A characteristic of the breed, the topknot consists of long, loose curls covering the skull and falling down over the top of the ears and occiput. The contrast between the smooth face and the topknot is evident in a well-defined peak between the eyes. The topknot, a breed characteristic, should not be trimmed in an exaggerated or excessive manner.


Set almost flush, the eyes are comparatively small and almond shaped with tight eyelids. The color is a warm tone of medium to dark brown, dark amber but never yellow. The expression is keenly alert, intelligent, direct and quizzical.


Long, lobular, set low, hanging close to the head and abundantly covered with long loose curls of hair.


The neck is long, arching, strong and muscular and is smoothly set into cleanly sloping shoulders.


Strong, broad and level. TOPLINE: The rear is equal to or slightly higher than the front never descending or showing sag or roach.


Medium length. The ribs are carried well back and so well sprung behind the shoulders as to give a barrel shape. The chest is deep with a brisket extending to the elbows. The loin is short, wide, muscular, and deep so it does not give a tucked-up appearance.


The entire front gives the impression of strength without heaviness. The forechest should be moderate. Shoulders are sloping and moderately laid back, clean and powerful. The upper arms are approximately the length of the shoulder blades with clean elbows set close to the body. Forelegs are well boned, muscular and straight, set well under the withers.


Sound hindquarters are of great importance to provide drive and power while swimming. They are as high as or slightly higher than the shoulders with powerful, muscular, well-developed thighs. The hips are wide. The croup is rounded and full with the tail set on low enough to give a rounded appearance. The stifles are moderately bent. Hocks are set low and moderately bent. Balance of front and rear angulation is important.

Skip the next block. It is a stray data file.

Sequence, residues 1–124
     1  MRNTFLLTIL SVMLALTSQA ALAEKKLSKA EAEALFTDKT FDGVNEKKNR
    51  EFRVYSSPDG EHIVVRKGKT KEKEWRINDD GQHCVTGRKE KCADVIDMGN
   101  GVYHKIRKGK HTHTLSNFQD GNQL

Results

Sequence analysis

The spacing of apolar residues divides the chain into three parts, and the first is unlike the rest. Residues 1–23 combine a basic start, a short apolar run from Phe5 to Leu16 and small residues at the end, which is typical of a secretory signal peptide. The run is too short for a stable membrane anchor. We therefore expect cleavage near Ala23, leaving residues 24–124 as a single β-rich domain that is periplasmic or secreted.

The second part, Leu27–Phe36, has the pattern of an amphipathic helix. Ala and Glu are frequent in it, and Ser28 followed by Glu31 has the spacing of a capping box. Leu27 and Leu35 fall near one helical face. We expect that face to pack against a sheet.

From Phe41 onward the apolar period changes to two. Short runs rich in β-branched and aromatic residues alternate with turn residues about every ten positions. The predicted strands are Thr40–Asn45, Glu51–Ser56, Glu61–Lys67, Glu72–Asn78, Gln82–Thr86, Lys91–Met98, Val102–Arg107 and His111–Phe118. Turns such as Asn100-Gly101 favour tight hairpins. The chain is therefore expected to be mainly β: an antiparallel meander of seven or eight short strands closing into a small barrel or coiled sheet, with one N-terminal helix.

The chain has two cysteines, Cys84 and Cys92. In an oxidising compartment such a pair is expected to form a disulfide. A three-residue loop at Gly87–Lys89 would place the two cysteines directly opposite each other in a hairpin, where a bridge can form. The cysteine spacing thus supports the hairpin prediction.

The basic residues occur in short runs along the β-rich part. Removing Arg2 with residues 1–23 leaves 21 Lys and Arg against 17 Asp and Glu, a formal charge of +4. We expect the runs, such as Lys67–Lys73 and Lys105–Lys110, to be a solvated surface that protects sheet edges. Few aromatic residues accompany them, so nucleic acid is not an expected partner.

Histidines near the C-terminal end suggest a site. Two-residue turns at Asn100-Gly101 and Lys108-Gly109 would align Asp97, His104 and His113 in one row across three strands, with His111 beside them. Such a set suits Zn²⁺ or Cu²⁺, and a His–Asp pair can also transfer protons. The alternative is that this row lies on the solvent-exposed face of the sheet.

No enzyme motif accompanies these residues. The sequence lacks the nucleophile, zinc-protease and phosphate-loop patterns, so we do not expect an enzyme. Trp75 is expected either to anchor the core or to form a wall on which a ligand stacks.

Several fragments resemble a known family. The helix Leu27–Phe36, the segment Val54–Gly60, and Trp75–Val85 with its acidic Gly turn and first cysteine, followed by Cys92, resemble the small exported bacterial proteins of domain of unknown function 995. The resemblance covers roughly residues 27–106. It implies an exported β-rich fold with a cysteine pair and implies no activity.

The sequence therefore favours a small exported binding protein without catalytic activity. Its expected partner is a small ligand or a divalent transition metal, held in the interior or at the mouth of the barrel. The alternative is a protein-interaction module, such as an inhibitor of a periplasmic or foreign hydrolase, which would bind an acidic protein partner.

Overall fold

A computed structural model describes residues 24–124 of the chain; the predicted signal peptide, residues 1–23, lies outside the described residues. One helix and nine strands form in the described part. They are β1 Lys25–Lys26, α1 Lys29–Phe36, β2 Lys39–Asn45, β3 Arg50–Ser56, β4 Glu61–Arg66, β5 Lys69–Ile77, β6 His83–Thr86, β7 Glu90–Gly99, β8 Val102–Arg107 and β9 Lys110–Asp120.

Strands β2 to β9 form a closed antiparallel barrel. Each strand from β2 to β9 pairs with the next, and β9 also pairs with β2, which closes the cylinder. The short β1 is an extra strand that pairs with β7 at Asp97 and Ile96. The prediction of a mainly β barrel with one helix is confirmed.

Large, round, somewhat spreading. Well clothed with hair. Pads are thick.


The “Rat Tail” is a striking characteristic of the breed and is strong, low set and carried level with the back and is not quite long enough to reach the point of the hock. The tail is thick at the root where it is covered for two to three inches with short curls which stop abruptly. From that point the tail is covered with smooth hair and the tail tapers to a fine point.


Proper coat is of vital importance to protect the dog while working. The coat on the face is short and smooth framed by the distinctive topknot and ears of long, loose curls. The coat on the throat is smooth forming a V-shaped patch from the back of the lower jaw behind the beard to the breastbone. The remainder of the neck, body and base of the tail are covered with dense, tight, crisp curls. The remainder of the coat on the tail is short and smooth coated. Forelegs are covered down to the feet with curls or waves all around. The hind legs are also abundantly covered with curls or waves except that the hair is short and smooth on the front of the legs below the hocks. Feet are well clothed with hair. Dogs may be shown in natural coat or trimmed. However, no dog should be groomed or trimmed so excessively as to obscure the curl or texture of the coat.


Rich liver to dark liver with a purplish tinge, sometimes called puce liver. No white hair or markings except for the graying of age.


Moves freely and soundly with balanced reach and drive. Should be true, precise and not slurring; may have a characteristic rolling motion accentuated by the barrel-shaped rib cage.


Very alert, inquisitive and active. Stable in temperament with an endearing sense of humor. May be reserved with strangers but never aggressive or shy.


The foregoing description is that of the ideal adult Irish Water Spaniel in hard working condition. Any deviation from the above-described dog must be considered to the extent of the deviation, keeping in mind the importance of various features toward the basic original purpose of the breed, which is that of a gundog used for work in all types of shooting and particularly suited to water fowling in difficult marshy terrain.

September 1, 2009